An understanding of cultural color and symbolism is essential to anyone doing business with other countries and other societies. These associations with color have been a part of many societies for centuries and you must be aware of both the positive and the negative implications of using particular colors when marketing to these societies.

Human colour vision and perception begins long before human history, and even long before the history of vertebrates. Recent evidence suggests that the basis for colour vision may be between 500 to 800 million years old. Our first mammalian ancestors, between 220 million and 100 million years ago, lost much of the full colour vision appreciated by other vertebrates, given that they had taken to the safety of nocturnal life.The more recent ancestor of humans and their next of kin “re-evolved” full colour vision, giving us a world of full colour, instead of the limited blues and yellows of other mammals. This ability to see a greater volume of colours coincided with the loss of much of our sense of smell—committing us to a greater reliance on our eyes than many of our fellow mammals. The new ability to see red gave us and our next of kin a great advantage—greater ability to see fruits, as well as the warning colors of nature. The earliest examples of human art demonstrate the use of colour.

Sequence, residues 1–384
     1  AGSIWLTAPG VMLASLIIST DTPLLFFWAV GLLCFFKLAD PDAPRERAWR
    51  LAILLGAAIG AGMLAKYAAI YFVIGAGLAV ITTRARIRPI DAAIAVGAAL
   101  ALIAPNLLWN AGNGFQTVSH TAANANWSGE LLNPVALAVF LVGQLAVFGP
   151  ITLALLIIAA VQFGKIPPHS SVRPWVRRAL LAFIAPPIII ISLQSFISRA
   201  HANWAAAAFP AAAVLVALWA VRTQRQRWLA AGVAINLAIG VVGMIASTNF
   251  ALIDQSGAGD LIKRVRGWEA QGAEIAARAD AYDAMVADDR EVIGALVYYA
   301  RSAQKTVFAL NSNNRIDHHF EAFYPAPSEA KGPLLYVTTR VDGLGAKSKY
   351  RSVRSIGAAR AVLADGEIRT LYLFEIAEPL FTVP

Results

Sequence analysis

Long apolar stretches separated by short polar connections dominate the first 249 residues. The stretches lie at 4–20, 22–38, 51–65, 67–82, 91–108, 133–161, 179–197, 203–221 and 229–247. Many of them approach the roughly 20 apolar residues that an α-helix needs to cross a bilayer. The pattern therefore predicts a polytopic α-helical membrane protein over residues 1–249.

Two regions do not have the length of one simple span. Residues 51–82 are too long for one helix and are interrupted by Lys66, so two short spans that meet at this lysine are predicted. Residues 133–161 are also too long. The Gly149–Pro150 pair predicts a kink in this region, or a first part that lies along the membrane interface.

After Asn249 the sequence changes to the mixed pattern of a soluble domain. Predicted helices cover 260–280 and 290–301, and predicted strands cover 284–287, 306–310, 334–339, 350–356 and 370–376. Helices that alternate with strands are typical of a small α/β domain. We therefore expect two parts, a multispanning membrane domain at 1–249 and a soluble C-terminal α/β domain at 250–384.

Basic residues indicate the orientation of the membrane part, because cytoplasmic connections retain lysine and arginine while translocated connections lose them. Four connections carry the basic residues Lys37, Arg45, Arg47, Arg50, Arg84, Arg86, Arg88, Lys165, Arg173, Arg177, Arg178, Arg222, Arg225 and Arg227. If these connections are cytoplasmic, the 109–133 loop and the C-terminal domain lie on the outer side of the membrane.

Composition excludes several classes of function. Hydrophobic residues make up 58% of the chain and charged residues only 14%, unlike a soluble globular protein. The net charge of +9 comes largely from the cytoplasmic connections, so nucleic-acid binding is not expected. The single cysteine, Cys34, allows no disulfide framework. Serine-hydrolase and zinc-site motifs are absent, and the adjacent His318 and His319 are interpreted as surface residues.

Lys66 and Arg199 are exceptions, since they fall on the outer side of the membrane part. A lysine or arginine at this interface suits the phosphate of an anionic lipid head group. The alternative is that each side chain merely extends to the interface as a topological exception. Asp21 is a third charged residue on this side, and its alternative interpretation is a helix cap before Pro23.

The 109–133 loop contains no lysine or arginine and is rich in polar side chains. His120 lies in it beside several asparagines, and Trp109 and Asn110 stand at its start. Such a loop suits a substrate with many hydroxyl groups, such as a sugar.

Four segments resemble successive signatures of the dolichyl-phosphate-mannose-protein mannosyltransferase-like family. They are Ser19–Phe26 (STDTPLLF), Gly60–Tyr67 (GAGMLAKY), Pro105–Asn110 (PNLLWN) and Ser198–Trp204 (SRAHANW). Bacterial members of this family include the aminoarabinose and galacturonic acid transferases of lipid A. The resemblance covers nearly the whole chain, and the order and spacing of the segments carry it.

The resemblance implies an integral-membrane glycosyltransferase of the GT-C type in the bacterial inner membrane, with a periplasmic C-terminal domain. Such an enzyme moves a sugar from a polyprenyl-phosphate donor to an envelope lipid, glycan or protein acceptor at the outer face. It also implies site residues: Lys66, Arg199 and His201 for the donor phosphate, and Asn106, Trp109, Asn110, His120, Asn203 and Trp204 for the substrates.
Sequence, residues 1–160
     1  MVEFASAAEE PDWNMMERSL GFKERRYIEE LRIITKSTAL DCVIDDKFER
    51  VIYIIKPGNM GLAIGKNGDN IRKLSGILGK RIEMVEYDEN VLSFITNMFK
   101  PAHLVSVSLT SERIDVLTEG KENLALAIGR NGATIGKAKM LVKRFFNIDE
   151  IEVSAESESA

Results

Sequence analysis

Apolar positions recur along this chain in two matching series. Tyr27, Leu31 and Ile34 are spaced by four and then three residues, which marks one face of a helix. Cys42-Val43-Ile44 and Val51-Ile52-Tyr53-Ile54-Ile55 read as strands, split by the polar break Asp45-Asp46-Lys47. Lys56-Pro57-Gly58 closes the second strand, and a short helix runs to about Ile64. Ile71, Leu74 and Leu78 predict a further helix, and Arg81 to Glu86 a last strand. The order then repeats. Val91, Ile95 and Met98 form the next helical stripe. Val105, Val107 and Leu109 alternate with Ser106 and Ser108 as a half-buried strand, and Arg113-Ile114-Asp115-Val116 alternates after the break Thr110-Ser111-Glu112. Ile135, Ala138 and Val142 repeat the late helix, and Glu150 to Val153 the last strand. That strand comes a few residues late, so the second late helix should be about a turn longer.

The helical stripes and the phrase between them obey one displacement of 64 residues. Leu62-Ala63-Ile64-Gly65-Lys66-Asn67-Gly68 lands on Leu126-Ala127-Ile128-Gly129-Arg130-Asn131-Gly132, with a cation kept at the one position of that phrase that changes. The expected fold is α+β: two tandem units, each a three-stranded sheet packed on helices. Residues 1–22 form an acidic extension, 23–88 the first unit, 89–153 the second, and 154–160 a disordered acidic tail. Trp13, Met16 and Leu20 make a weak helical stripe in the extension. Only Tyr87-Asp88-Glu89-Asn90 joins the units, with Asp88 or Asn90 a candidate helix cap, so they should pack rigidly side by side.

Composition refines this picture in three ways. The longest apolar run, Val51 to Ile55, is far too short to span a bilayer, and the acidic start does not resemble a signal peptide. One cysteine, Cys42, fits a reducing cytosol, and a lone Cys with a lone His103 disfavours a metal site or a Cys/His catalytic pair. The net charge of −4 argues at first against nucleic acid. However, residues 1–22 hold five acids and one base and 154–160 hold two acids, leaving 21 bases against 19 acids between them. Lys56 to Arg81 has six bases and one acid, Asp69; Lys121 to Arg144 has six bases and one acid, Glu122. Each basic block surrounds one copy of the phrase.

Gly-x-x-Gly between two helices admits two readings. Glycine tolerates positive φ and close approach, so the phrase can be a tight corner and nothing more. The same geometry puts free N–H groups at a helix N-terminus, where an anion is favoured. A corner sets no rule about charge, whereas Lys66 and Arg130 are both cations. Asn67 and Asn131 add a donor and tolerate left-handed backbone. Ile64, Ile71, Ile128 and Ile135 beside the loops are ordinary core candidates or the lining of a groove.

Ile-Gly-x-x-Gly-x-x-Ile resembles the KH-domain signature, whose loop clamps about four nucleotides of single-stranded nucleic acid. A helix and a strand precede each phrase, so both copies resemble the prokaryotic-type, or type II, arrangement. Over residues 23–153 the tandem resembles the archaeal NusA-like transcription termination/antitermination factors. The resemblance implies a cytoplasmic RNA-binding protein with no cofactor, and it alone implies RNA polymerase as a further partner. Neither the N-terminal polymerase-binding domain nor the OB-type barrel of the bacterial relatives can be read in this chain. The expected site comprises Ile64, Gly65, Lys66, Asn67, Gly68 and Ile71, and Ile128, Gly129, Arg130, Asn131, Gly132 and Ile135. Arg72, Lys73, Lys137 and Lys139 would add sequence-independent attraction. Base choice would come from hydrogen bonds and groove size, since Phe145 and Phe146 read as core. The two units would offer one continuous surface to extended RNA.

Though humans have the ability to see a great range of colours, comparisons of human languages demonstrate that we do not necessarily all make the same distinctions between colors, nor are all of these distinctions necessary for our survival. However, distinguishing red from other colors is one of the first, second and only to a fundamental division between black and white.

Though colour distinctions may vary among populations, they are varied in a predictable and regular fashion, which may reflect human perceptual universals.